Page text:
Marketing Your Writing At Festivals

I never would have thought I would some day look back at my twenty years in newspaper sales and be thankful? Selling space in a small town, tri-weekly newspaper was not the easiest thing in the world to do, but I have to admit it was probably easier than selling air space for a radio station. At least with a newspaper you can hold something in your hand.

 

My sales experience has certainly come in handy while trying to market my two novels, Guardian Spirit, The Color of My Heart, and my recently released children’s picture book titled, The Manger Mouse. Setting up shop at festivals makes for many long and tiresome days, but those hours spent can be very rewarding and profitable, if you’re willing to “work it.”

 

“Working it,” means you’ve got to interact with the crowd. Every person who passes your booth is a potential buyer. Does every festival attendee that meanders by your space pick up one of your books and automatically fall in love with it? No. You have to draw them in, and do some fast-talking.

 

Here are a couple of suggestions: Try to make eye contact as they are walking by your booth, and ask this question, “Do you enjoy reading?” Some will automatically answer, “No.” Others might hem-haw around and say, “Sometimes.” To these you politely say, “Have a nice day” and let them be on their way. But if they answer, “I love to read,” then that’s when you reel them in and start telling them a little snippet about your book, or books.

 

With my children’s picture book I look for potential grandparents, parents of young children, and even expectant parents. You’d be surprised how many mommies and daddies want to buy their unborn child a Christmas present, especially a children’s picture book about the night Jesus was born.

 

Another important thing is to display your work so people walking by can easily see what you’re selling. That means your table needs to be as close to the front of your tent as possible, near the crowd. And, it never hurts to have a bowl of candy sitting mid center either. Make sure your books are the prominent focal point.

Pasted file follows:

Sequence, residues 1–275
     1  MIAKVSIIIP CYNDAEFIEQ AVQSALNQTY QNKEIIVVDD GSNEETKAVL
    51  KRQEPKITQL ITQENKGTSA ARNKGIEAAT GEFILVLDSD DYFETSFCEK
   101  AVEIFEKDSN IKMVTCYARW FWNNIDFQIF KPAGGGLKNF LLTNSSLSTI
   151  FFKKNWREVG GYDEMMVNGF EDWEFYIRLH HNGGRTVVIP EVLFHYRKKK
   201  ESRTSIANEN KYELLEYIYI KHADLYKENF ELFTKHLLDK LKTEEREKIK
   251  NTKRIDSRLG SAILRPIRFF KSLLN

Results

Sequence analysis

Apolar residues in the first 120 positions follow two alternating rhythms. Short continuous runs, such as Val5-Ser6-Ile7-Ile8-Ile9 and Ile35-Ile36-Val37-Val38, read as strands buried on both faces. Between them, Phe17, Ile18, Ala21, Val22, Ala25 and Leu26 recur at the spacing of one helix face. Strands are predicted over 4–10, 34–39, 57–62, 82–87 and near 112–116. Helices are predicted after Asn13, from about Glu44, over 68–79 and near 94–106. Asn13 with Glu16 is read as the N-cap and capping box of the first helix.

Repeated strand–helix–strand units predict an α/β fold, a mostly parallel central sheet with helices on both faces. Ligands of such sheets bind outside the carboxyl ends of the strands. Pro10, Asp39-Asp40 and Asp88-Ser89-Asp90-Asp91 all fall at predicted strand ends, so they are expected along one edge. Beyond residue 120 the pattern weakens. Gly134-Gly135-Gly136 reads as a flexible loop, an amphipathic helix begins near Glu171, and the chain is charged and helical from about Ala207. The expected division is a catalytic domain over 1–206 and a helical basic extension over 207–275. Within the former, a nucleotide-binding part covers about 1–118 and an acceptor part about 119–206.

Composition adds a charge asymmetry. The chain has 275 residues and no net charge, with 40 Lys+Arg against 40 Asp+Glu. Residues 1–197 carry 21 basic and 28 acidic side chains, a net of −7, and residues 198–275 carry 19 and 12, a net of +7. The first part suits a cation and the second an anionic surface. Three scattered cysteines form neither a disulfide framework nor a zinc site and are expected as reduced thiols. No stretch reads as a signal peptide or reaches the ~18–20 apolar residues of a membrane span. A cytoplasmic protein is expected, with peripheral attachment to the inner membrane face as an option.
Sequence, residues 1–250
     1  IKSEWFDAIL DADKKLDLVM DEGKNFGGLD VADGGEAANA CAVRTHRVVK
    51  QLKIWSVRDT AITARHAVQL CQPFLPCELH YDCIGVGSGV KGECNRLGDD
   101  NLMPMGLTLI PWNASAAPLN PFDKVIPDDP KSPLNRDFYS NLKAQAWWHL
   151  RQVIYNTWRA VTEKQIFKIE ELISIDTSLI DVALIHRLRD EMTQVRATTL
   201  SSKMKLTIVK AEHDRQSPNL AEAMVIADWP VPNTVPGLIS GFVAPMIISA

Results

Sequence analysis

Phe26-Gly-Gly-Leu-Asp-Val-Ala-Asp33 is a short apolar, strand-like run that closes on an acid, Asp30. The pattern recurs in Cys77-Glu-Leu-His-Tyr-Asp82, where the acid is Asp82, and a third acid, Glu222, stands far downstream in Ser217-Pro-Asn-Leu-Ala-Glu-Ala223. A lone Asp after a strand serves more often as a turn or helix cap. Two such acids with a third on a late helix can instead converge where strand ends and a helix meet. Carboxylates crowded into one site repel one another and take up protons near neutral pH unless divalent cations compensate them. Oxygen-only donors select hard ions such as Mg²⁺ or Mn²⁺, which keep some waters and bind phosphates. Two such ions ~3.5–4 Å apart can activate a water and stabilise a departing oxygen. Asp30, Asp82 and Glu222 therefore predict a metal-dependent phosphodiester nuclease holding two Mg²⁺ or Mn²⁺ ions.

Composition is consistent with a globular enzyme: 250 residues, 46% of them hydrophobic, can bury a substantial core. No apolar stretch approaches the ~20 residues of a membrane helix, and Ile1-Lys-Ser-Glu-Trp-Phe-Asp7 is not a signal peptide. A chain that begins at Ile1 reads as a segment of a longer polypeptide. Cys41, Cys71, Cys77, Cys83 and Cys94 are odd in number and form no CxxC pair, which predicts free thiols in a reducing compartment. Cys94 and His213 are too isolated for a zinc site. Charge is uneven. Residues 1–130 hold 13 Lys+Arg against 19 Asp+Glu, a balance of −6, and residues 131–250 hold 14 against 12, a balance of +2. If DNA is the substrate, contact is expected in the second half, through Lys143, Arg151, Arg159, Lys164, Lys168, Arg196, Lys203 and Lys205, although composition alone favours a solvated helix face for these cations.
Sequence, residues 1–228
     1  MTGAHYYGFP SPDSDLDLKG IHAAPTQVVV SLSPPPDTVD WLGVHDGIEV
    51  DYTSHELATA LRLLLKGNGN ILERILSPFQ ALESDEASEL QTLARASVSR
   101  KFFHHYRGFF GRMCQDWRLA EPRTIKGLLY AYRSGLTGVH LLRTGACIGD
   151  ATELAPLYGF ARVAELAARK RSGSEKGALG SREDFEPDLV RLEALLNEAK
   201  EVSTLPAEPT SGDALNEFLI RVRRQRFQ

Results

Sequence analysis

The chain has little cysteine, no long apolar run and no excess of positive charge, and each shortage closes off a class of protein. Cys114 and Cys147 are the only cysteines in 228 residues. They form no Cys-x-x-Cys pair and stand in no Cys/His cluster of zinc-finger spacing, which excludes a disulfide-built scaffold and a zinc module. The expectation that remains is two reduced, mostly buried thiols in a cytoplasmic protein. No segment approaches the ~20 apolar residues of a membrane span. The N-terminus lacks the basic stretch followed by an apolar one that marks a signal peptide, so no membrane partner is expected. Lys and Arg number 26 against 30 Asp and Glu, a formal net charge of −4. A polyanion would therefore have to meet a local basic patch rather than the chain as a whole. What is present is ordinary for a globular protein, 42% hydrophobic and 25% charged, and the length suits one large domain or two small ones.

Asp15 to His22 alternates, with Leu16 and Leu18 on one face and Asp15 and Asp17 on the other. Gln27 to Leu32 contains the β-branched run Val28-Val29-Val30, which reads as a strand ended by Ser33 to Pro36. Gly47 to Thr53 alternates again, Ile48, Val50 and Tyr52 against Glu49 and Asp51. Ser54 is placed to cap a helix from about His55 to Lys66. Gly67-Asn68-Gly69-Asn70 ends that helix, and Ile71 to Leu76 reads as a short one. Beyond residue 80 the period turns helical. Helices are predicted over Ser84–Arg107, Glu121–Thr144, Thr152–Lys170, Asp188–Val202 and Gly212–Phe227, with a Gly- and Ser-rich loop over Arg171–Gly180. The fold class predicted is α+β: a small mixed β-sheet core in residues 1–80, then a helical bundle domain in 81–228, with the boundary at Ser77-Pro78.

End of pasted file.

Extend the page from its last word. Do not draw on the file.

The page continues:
A fellow author was set up a few tents down from me this weekend. Saturday morning he was complaining about how few sales he had on Friday. I had to be honest with him. I told him I had walked by his booth the previous day and had not even noticed he had books for sale, and he had five displayed. He was also selling framed art so when I strolled by I only saw the pictures in the background, his book covers blended right in with the artwork. I didn’t have time to see if he changed his display, but at the end of the day on Saturday he did report that his sales that day had been great!

 

I think the main thing you have to do to sell books is to be nice to folks, and, of course have written a great story for them to read. Some people just want to meander in and chitchat, others want to tell you their life story, while others trot by in a near run to get by you. Whatever the case, I listen, answer sincerely and show God’s love to all people, whether they buy a book or not.

 

I’ll end with a quick little funny thing that happened this past weekend at The Autumn Leaves Festival. I snagged a lady with the usual, do you enjoy reading, line. She answered, “No, I can’t read.” I answered, “Well, I’ve got a children’s picture book, you can look at the pictures.” Guess what, she walked away with a copy of The Manger Mouse in her hand.

 

Friend, and fellow author of The Hidden World Chronicles, Richard Nancersz_festival_tent with whom I always share a tent looks up at me when the lady is out of earshot and says, “ Well that beats all, I’ve never seen anyone sell a book to someone who can’t read.”

 

My motto: Where there’s a will, there is surely a way.

 

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